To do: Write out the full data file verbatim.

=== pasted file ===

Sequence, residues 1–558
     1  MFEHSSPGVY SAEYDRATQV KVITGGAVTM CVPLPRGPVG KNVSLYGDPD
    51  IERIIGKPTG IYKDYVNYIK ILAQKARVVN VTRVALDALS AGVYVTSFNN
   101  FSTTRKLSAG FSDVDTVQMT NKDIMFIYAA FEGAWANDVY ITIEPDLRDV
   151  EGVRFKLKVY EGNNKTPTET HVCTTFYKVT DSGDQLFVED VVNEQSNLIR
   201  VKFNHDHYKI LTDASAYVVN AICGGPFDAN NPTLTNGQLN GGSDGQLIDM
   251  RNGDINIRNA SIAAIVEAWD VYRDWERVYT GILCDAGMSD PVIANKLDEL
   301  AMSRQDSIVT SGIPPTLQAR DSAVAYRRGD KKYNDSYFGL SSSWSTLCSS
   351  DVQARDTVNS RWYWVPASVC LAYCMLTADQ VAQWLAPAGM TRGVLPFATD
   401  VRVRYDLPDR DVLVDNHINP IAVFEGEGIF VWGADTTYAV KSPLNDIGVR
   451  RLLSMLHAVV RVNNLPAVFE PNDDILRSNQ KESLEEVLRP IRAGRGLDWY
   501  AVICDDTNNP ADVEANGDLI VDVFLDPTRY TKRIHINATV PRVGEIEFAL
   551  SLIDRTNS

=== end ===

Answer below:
Sequence, residues 1–558
     1  MFEHSSPGVY SAEYDRATQV KVITGGAVTM CVPLPRGPVG KNVSLYGDPD
    51  IERIIGKPTG IYKDYVNYIK ILAQKARVVN VTRVALDALS AGVYVTSFNN
   101  FSTTRKLSAG FSDVDTVQMT NKDIMFIYAA FEGAWANDVY ITIEPDLRDV
   151  EGVRFKLKVY EGNNKTPTET HVCTTFYKVT DSGDQLFVED VVNEQSNLIR
   201  VKFNHDHYKI LTDASAYVVN AICGGPFDAN NPTLTNGQLN GGSDGQLIDM
   251  RNGDINIRNA SIAAIVEAWD VYRDWERVYT GILCDAGMSD PVIANKLDEL
   301  AMSRQDSIVT SGIPPTLQAR DSAVAYRRGD KKYNDSYFGL SSSWSTLCSS
   351  DVQARDTVNS RWYWVPASVC LAYCMLTADQ VAQWLAPAGM TRGVLPFATD
   401  VRVRYDLPDR DVLVDNHINP IAVFEGEGIF VWGADTTYAV KSPLNDIGVR
   451  RLLSMLHAVV RVNNLPAVFE PNDDILRSNQ KESLEEVLRP IRAGRGLDWY
   501  AVICDDTNNP ADVEANGDLI VDVFLDPTRY TKRIHINATV PRVGEIEFAL
   551  SLIDRTNS